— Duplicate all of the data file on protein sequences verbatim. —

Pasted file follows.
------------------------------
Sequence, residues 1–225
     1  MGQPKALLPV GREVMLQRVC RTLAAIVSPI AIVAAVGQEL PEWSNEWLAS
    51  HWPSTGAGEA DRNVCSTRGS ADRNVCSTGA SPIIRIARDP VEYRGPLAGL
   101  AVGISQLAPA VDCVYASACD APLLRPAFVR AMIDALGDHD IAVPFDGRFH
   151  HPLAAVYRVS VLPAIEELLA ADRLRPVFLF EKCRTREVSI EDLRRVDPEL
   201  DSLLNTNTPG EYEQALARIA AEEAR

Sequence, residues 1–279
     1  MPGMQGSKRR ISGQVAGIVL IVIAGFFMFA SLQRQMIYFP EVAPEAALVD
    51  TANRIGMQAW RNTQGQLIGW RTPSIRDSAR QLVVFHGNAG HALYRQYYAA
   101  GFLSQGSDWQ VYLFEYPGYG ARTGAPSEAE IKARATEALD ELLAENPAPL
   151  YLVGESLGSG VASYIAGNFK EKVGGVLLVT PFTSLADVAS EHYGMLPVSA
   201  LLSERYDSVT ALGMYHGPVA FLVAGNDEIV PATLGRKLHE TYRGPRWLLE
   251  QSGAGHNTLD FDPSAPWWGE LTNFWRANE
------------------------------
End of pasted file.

Sequence, residues 1–225
     1  MGQPKALLPV GREVMLQRVC RTLAAIVSPI AIVAAVGQEL PEWSNEWLAS
    51  HWPSTGAGEA DRNVCSTRGS ADRNVCSTGA SPIIRIARDP VEYRGPLAGL
   101  AVGISQLAPA VDCVYASACD APLLRPAFVR AMIDALGDHD IAVPFDGRFH
   151  HPLAAVYRVS VLPAIEELLA ADRLRPVFLF EKCRTREVSI EDLRRVDPEL
   201  DSLLNTNTPG EYEQALARIA AEEAR

Sequence, residues 1–279
     1  MPGMQGSKRR ISGQVAGIVL IVIAGFFMFA SLQRQMIYFP EVAPEAALVD
    51  TANRIGMQAW RNTQGQLIGW RTPSIRDSAR QLVVFHGNAG HALYRQYYAA
   101  GFLSQGSDWQ VYLFEYPGYG ARTGAPSEAE IKARATEALD ELLAENPAPL
   151  YLVGESLGSG VASYIAGNFK EKVGGVLLVT PFTSLADVAS EHYGMLPVSA
   201  LLSERYDSVT ALGMYHGPVA FLVAGNDEIV PATLGRKLHE TYRGPRWLLE
   251  QSGAGHNTLD FDPSAPWWGE LTNFWRANE